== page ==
[See how voluntary defaults are reshaping the economy.]
Wealth. It takes money to buy stuff, and Americans have a lot less of it than they did a few years ago. The stock market is still 25 percent below its 2007 peak, and home values, on average, have fallen more than 30 percent. All told, household net worth has fallen by about 30 percent since 2007, or $12 trillion. That amounts to about $102,000 per household in lost wealth. Americans will build that back up, but it will take a lot longer than most people realize. And many families have barely started. The savings rate, for instance, is still below 3 percent, and some economists think it needs to rise to nearly 10 percent for Americans before Americans regain lost wealth. When saving goes up, spending will go down, subduing economic growth.
Clarity from Washington. The government deserves credit for aggressive intervention that thawed a frozen financial system in 2008 and 2009, preventing an even steeper downturn. But Washington has also scared the daylights out of businesses and investors, with a barrage of confusing new regulations and partisan gridlock that makes business owners feel like hostages in an insane asylum. Businesses can usually manage new rules or requirements if they know what’s coming, but arbitrary or abrupt changes—like those threatened weekly in Washington—wreak havoc with business plans and make companies, and especially small businesses, reluctant to hire or invest. In addition to the new healthcare legislation--which hasn’t yet been translated into clear rules explaining how it will affect most companies—the Obama administration and Congress are considering major new financial reforms, tax changes, energy laws, and immigration policies that may or may not have a major impact on businesses. “Until we have clarity in the landscape that small businesses have to deal with, they’re going to be hesitant to hire people,” says Thomas Joyce, CEO of investing firm Knight Capital Group.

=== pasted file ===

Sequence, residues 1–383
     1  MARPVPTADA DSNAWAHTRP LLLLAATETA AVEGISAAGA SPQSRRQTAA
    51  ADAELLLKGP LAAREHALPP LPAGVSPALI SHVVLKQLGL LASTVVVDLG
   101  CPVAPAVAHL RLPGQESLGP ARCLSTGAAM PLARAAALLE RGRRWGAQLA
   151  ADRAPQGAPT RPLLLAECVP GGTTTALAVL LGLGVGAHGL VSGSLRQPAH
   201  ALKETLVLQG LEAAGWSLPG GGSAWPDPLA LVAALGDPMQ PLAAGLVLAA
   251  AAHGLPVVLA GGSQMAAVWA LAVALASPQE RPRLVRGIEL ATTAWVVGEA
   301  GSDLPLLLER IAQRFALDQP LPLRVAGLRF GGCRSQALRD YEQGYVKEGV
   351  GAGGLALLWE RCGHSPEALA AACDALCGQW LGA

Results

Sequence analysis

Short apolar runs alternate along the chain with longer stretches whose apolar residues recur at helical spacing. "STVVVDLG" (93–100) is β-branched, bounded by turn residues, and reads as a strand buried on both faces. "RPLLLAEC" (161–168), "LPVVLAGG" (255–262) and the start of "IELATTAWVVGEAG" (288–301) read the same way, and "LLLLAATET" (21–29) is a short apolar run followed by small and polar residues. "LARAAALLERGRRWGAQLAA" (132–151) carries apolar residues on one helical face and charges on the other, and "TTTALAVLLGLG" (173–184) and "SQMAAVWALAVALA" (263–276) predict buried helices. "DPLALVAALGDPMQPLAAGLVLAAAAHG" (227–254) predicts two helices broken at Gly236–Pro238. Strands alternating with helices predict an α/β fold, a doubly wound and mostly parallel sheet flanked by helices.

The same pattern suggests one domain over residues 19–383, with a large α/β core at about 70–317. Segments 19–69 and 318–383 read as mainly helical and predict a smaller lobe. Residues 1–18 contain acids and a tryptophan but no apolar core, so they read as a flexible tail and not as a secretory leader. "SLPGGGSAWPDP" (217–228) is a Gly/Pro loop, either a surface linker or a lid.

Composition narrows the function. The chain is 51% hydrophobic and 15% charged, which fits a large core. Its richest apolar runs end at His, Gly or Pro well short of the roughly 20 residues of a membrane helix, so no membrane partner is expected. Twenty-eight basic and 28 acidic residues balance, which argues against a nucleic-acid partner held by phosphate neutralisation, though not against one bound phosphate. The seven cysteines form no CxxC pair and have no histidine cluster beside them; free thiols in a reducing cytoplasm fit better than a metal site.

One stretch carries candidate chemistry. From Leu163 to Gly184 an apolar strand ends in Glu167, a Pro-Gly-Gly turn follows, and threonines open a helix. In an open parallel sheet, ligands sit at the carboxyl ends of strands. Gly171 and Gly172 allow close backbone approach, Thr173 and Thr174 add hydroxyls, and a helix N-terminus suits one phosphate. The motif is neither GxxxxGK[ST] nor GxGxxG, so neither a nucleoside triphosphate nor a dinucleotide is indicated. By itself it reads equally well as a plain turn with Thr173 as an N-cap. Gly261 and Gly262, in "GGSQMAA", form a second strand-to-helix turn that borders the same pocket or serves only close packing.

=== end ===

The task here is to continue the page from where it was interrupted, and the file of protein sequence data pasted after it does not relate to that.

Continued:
[See what Washington needs to learn from Greece.]
A self-reliant private sector. It’s easy to forget that the economy is growing thanks largely to massive government subsidies, which need to be wound down eventually. The government has rescued the financial sector, propped up housing, bailed out two huge automakers, subsidized car purchases, given a lift to the poor, and spent nearly $800 billion on stimulus programs to keep the economy afloat. “When that wears off, the slack can only be taken up by job growth,” says David Simon, CEO of the big mall operator Simon Property Group. “We’ll be on a sugar high the next couple of years, and then there could be a dramatic slowdown.” So enjoy that creeping sense of confidence, as mild as it might be. This could be as good as it gets for awhile.